California’s Chris McCooey Releases “Better Days”
California’s Chris McCooey shines in the new EP Better Days. The Bay-Area singer-songwriter’s six-songs that nestle between Americana and pop are some of 2022’s best. From the opening title track to the closer, “When This Is Over”, McCooey and his compelling vocals keep the listener transfixed. He’s just that type of singer that has the magnetism of Gordon Lightfoot, Ray LaMontagne and David Gray all rolled into. Still, McCooey stands alone in his spotlight, which will inevitably grow stronger once folks get a listen. Better Days is that good. Better Days features Max Butler on guitar and multi-instrumentalist Thomas deBourbon.
And McCooey just seems like a good guy. The way he carries himself, the way his heart bleeds and he wears that heart on his sleeve comes through in each of these songs. His voice has a bit of a scraggle to it – the kind that makes you think this guy has a sensitive soul. C’mon, c’mon move along move us onto better days, he sings in the title song. The patience in his voice is the nice juxtaposition to the lyrics – he’s not a forceful guy, he’s an encouraging one. When you really marinate into the music and the warmth of McCooey’s vocals in “Better Days” you feel an intimacy. It’s the same kind of connection you would feel at a coffee house singer/songwriter night. Still, there’s something bigger happening in the sound and in the background that made me feel as though this idea of a corner coffee stop is too confining for both him and the song.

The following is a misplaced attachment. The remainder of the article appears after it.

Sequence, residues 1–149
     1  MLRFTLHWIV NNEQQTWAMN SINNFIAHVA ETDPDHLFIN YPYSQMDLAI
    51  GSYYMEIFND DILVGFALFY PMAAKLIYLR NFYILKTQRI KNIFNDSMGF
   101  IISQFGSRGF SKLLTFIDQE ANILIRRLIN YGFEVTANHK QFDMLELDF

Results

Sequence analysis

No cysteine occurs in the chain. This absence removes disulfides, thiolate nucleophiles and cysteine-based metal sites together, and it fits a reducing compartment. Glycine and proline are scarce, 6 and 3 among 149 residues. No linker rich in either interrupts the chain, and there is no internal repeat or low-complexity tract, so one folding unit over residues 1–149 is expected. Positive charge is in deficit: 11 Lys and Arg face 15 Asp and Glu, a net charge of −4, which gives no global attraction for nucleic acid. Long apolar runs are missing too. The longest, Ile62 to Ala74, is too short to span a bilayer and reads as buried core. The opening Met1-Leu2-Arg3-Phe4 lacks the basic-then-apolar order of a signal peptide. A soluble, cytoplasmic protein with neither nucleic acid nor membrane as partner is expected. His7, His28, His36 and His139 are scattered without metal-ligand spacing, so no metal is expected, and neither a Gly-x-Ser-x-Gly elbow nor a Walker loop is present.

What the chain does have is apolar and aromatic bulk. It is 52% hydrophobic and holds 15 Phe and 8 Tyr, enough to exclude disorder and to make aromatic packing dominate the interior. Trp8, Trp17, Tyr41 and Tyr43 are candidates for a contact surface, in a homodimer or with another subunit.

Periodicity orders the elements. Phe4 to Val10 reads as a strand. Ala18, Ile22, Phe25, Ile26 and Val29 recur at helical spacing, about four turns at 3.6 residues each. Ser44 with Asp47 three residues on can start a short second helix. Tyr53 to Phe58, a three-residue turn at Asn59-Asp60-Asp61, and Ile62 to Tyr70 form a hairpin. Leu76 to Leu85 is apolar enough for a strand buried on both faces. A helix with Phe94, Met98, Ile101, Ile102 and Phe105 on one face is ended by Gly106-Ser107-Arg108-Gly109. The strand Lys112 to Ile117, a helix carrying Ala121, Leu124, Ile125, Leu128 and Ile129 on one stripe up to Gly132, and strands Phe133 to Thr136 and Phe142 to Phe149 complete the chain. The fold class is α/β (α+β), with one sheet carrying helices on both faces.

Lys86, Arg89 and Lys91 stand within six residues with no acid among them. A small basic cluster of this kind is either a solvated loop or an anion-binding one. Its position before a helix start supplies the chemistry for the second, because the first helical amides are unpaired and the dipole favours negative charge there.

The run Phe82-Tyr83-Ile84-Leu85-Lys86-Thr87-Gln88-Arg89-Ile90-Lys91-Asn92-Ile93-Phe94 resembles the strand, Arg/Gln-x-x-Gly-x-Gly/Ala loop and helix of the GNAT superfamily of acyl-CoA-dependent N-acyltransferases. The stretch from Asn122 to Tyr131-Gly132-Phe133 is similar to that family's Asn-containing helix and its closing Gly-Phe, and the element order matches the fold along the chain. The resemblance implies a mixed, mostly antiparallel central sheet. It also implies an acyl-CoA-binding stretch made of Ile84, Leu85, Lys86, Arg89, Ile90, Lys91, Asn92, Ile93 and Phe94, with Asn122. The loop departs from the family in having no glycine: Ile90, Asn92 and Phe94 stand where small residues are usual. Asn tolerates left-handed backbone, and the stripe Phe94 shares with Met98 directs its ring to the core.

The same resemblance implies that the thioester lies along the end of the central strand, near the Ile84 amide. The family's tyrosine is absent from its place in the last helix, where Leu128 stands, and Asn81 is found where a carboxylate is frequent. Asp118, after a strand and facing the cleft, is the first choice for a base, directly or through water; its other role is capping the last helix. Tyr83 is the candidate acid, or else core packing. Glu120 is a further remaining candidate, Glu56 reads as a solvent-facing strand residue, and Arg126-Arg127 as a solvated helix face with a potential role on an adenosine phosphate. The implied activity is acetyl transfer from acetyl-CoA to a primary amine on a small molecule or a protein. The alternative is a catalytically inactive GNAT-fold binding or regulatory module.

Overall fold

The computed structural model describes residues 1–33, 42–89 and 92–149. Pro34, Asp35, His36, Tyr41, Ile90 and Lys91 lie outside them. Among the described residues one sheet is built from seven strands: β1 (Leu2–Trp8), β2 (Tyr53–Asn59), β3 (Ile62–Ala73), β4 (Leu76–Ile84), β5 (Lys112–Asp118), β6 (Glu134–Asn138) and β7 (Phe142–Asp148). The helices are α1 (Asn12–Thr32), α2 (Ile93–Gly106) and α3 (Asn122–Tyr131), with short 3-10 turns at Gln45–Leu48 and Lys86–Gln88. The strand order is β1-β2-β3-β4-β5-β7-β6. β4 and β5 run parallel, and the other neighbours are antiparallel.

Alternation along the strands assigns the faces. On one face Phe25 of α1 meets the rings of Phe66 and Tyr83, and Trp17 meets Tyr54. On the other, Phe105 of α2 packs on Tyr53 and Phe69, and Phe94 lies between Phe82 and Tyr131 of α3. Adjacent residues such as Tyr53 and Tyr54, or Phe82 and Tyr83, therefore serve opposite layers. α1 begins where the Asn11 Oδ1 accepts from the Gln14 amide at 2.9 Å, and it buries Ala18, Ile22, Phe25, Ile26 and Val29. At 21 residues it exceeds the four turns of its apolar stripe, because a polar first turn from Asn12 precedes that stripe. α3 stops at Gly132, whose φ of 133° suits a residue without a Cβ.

Listen boy, it won’t be easy, sings McCooey in “The Man I Could Not Be”. Sounding like a troubadour, a man that has seen his fair share, this song continues to hit all the right notes. In “Yonder”, McCooey changes up the gears, shifts the arrangements. This is a song that felt very momentous. It’s the type of song that when it starts, you just know it’s going to be a larger than life sound. I think the sound is perfect for the subject and really hits on how beautiful life can be. It’s a bit more rocking than the other previous two.
“Fade To Black” sends the listener to a contemplative, calming state. I loved the violin arrangements in this song – and it’s a haunting reminder of the depression and isolation of the past few years. I must say the brilliance of this song, too, is that it is possibly about the pandemic, but it could be about being apart from someone you love.
The final tracks are “We Found Love” (a fun tale about concert goers and the places they go to see their shows) and “When This Is Over” draw even more emotional connections. As a storyteller, McCooey is at the top of his game. When you hear these songs, all of the songs actually, you stop and listen. These aren’t passerby songs. Intoxicating guitar melodies and riffs, along with the breezy drums, the songs on Better Days are just what the day calls for and the doctor ordered.